Defending from financially-motivated software abuses


Software is involved in every aspect of our world, from our homes to large enterprises, and, in particular, it manages our data. As a consequence, software abuses can drastically impact our lives, for instance causing substantial financial losses or affecting people’s privacy. This raised the attention of cybercriminals, who found in this scenario a lucrative business. In fact, in the past twenty years the motivation behind the cybercriminals’ modus operandi has changed. No longer searching only for notoriety and fame, they have turned their attention to financial gain. Indeed malicious software, “malware,” is one of the most dangerous Internet threat nowadays. This dissertation details our research on the analysis and detection of the current software abuses, with the aim of protecting users from such threats. Specifically, we focus on three main threats, which have been the cause of billion dollars losses in the past years. First, we concentrate on information-stealing malware, also known as “banking Trojans.” The purpose of these Trojans is to steal banking credentials and any other kind of private information by loading code in memory and hooking the network-related operating-system APIs used by web browsers. Second, we focus on a major class of malware, known as ransomware, which encrypts files, preventing legitimate access until a ransom is paid. Finally, we analyze the privacy issues in the mobile world by studying the problem of privacy leaks. Mobile apps are notorious for collecting a wealth of private information from users. Such information is particularly attractive. For instance, cybercriminals are known to sell users’ private information on the underground markets, and advertisement libraries massively collect users’ data to illicitly increase their profits. Our contributions regarding banking Trojans focus on extracting robust, behavioral signatures of their malicious behavior, by combining web-page differential analysis and memory forensics techniques. The produced signatures can then be used, on the client side, to detect such Trojans in a more generic way, independently from their specific implementation, and protect victims’ machines. Our contributions regarding ransomware focus on designing behavioral detection models and proposing a novel defense mechanism to mitigate its effectiveness by equipping modern operating systems with practical self-healing capabilities. We designed our detection models after an analysis of billions of low-level, I/O filesystem requests generated by thousands of benign applications, which we collected from clean machines in use by real users for about one month. Our contributions regarding mobile privacy leaks focus on proposing a novel, obfuscation-resilient approach to detect privacy leaks by applying network differential analysis. To make differential analysis practical, our approach leverages a novel technique that performs root cause analysis of non-determinism in the network behavior of Android apps.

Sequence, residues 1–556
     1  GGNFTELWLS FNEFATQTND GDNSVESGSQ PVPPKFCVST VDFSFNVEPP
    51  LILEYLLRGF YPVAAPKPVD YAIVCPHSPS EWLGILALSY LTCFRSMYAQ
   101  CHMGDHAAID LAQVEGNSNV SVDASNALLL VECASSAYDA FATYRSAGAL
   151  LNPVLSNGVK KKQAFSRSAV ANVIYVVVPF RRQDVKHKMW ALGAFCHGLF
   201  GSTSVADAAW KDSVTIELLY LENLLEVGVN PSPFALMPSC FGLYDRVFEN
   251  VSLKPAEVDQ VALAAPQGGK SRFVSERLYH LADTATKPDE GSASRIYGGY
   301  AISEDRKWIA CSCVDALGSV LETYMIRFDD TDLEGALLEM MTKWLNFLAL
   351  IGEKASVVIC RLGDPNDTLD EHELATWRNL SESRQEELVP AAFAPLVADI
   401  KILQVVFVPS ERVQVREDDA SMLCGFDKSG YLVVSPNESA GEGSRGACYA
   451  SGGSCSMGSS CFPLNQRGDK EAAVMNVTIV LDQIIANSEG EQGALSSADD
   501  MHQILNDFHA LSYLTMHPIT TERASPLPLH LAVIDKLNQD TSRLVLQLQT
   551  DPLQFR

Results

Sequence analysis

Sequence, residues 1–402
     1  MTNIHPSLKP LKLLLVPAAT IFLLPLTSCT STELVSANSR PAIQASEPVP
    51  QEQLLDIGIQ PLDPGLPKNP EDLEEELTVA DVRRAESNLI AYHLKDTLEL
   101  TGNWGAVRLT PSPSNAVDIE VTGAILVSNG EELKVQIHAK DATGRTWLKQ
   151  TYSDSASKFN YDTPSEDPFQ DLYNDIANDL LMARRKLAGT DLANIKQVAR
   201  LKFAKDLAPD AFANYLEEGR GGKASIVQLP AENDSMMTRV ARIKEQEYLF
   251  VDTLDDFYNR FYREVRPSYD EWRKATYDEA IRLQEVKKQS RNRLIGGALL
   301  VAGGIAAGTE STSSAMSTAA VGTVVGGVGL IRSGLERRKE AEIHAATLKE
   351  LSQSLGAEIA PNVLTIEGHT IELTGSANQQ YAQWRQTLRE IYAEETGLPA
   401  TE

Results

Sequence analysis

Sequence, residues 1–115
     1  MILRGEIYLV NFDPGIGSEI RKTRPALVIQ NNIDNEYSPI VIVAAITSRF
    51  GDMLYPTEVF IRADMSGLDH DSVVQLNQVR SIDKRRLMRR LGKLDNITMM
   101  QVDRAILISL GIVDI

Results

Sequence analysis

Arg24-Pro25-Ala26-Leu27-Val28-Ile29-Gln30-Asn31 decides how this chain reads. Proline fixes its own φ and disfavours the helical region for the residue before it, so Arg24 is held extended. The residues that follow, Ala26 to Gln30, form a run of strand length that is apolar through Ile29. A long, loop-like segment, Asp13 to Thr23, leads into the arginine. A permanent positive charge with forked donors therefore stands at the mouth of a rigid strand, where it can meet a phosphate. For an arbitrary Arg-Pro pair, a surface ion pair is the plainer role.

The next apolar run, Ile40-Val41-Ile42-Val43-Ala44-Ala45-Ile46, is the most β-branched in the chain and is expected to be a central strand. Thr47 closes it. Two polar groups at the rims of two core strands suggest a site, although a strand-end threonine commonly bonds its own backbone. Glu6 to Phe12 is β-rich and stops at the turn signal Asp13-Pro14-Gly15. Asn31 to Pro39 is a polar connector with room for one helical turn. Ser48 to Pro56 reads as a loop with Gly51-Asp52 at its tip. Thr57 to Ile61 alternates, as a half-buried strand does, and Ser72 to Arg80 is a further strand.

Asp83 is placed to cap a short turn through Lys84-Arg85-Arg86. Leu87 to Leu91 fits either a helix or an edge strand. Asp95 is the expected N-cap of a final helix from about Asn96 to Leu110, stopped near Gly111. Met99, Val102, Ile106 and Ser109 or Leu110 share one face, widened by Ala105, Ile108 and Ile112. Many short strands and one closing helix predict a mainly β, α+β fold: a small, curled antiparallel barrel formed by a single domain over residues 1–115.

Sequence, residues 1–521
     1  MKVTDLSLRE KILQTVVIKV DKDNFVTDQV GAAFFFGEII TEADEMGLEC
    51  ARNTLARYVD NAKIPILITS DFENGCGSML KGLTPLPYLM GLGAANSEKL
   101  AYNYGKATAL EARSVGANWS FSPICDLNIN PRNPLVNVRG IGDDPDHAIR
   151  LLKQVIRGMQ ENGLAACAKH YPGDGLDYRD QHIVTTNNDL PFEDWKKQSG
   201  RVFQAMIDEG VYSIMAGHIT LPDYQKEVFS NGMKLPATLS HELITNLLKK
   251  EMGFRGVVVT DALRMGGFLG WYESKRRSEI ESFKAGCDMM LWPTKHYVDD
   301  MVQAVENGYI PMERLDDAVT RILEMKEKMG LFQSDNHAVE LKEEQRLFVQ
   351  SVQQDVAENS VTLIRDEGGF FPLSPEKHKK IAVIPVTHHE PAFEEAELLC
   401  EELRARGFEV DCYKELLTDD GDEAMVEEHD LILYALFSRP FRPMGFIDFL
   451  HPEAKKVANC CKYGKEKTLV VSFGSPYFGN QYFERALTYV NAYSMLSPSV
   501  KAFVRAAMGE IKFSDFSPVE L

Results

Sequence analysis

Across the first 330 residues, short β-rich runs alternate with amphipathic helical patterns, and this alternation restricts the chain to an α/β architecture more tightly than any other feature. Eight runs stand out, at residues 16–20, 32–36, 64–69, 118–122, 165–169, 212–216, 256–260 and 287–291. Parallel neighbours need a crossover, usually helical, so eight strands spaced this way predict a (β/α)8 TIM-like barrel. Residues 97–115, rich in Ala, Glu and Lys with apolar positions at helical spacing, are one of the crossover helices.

PhD Thesis